Lessons Learned after 29 in 29

After a few days off from writing a short story every day for a month, I’ve had a bit of time to reflect on the process. I wanted to do this project because I’ve done NaNoWriMo for the past two years, and then accomplished no writing for the rest of the year. I also wanted to do this because the pressure-cooker timing of NaNoWriMo forced me to ┬ábe creative in ways that I don’t think I am with more time, because I tend to over-analyze myself into silence. And sure enough, with the time limits I gave myself, I was able to produce science fiction for the first time ever, and even dip my toe into fantasy.

I should explain. When I was little, really little, from four years old to fourth grade, I told everyone who would listen that I wanted to be a writer. I wrote endlessly. My parents got me an electric typewriter and I would sit in my room and type up my stories and dream of being a writer.

Then, in 4th grade, I got an assignment to write about Valentine’s Day. I wrote an epic story, about a woman named Valentine, who was blind, and got into a horrible car accident and had a miscarriage. I think we had just been studying Helen Keller, and my mom watched a lot of All My Children. Anyway, my 4th grade teacher was horrified and asked to meet with my mom and me. And in that meeting she told me something that basically crushed me in every possible way. She said, “This isn’t appropriate. You should write what you know.”

I didn’t write for years.

I felt like anytime I got creative, or wanted to make something up, that it was too much. I got to meet Barbara Cooney at a book-signing a year after that, and I told her very seriously, that I was suffering from writer’s block, and asked how did she dealt with it.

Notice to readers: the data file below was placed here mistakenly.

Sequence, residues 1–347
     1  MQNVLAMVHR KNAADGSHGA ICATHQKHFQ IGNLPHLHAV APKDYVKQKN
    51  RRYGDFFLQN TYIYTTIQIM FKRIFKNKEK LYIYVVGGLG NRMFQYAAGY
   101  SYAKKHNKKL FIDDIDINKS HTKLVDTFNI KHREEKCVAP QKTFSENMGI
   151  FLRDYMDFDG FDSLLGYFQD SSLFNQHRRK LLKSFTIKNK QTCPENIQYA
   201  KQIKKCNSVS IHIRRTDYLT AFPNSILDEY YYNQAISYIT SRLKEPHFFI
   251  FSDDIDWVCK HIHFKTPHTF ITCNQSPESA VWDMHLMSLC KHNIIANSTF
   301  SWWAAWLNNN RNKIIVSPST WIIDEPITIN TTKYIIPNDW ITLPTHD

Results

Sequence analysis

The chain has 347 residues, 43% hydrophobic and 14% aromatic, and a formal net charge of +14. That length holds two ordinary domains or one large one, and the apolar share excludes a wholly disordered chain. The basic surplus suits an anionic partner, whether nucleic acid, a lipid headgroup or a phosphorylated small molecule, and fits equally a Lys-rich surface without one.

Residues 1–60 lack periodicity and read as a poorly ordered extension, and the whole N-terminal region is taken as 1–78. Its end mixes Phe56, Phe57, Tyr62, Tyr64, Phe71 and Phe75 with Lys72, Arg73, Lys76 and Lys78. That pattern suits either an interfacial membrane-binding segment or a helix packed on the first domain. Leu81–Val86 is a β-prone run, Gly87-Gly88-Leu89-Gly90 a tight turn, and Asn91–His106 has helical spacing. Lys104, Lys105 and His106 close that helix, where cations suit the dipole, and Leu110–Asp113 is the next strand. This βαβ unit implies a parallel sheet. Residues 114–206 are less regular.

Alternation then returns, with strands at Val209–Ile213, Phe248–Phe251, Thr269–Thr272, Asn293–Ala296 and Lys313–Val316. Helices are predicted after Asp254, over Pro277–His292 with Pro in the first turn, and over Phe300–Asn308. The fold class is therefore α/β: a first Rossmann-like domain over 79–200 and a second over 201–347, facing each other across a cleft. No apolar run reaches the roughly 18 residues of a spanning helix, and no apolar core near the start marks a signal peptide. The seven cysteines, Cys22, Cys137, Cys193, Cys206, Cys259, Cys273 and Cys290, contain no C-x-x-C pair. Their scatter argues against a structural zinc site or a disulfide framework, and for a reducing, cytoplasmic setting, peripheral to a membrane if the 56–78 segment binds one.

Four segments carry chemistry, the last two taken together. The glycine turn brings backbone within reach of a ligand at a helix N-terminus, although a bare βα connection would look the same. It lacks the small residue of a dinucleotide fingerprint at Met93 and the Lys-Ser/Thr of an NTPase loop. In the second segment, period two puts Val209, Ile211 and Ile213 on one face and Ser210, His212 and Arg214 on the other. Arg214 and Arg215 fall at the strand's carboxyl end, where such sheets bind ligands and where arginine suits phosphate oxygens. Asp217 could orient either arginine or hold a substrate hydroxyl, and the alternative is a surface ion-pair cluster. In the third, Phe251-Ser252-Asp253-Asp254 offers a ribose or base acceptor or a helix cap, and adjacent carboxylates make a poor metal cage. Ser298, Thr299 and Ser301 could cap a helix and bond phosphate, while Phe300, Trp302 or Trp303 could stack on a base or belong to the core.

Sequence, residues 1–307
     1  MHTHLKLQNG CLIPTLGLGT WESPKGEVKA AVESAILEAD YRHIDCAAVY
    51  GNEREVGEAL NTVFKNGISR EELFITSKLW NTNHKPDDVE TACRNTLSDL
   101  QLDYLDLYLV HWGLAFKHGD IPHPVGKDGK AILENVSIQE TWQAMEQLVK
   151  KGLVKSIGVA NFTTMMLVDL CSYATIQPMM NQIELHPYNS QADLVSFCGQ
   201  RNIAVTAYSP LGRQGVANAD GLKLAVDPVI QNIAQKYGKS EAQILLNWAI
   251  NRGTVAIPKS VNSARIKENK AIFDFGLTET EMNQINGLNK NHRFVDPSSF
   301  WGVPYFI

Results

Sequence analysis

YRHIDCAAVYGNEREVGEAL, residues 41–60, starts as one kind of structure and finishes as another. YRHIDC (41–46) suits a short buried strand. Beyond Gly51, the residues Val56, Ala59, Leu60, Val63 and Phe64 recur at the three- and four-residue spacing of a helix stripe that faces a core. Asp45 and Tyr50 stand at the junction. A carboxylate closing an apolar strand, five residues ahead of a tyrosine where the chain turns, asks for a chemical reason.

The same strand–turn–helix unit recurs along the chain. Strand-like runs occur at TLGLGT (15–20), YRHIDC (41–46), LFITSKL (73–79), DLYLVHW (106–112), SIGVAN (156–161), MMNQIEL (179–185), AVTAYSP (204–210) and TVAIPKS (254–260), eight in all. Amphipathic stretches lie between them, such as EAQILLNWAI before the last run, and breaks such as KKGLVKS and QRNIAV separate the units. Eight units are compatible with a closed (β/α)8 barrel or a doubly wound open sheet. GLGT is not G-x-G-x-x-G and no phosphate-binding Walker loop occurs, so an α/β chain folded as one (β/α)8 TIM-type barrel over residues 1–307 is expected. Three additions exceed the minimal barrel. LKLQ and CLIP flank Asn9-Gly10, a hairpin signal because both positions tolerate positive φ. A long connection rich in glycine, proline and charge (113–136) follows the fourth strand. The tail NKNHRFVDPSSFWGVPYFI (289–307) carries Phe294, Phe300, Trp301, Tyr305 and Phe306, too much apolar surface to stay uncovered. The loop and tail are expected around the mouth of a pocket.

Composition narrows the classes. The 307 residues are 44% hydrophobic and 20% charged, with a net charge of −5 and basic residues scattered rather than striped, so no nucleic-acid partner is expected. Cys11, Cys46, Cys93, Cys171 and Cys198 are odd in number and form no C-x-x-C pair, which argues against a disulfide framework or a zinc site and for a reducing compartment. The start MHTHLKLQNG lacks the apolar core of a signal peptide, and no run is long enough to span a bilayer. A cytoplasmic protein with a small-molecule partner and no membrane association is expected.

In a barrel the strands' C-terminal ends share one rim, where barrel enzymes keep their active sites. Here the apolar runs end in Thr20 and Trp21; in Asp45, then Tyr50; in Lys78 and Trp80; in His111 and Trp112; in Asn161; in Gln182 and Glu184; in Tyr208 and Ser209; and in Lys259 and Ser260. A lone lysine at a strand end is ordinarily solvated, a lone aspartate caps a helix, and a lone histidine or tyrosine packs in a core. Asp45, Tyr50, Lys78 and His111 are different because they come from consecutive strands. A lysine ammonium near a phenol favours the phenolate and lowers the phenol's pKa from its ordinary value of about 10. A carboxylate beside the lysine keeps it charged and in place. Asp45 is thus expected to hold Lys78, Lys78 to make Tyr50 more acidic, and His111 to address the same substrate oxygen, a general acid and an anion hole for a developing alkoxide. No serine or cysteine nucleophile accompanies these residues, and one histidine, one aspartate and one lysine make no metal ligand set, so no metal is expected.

After more time passed, I gave up all together.

Two years ago, I decided to do NaNoWriMo. It sounded so intriguing. I’m good with deadlines; I thrive on them. And I was unemployed, so I needed a project. And then one of my literary heroes, Robin McKinley, sent me a tweet that probably meant more to me than I can explain. She was writing about bad advice that writers get, and mentioned the “write what you know” axiom. I replied to her with my story, and she immediately replied back saying that was horrible advice and she was sad that I had given up. She then said to “Write what you know into what you don’t.” So I decided to try.

I honestly don’t know what will come of this. Maybe nothing. The fact that I’ve accomplished two NaNoWriMos and this project feels great, but I feel like I have a lot of non-writing years to catch up on.

So that’s a roundabout way of saying the real lesson I learned from this project is that I want to write more. I need to write more.

And I’m pretty happy with that lesson right now.

 

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One thought on “Lessons Learned after 29 in 29

  1. aahabershaw says:

    Glad to see you’re back writing, Claire. I’ve always prefered ‘Write the Truth’ to ‘Write What You Know.’ It manages the same sentiment, but without the sometimes overwhelming inference that you can’t write what you haven’t experienced. Simply not true (though some research is probably in order).

    Anyway, good luck, and don’t let what other people think or say affect your faith in yourself. Screw them and write it anyway.

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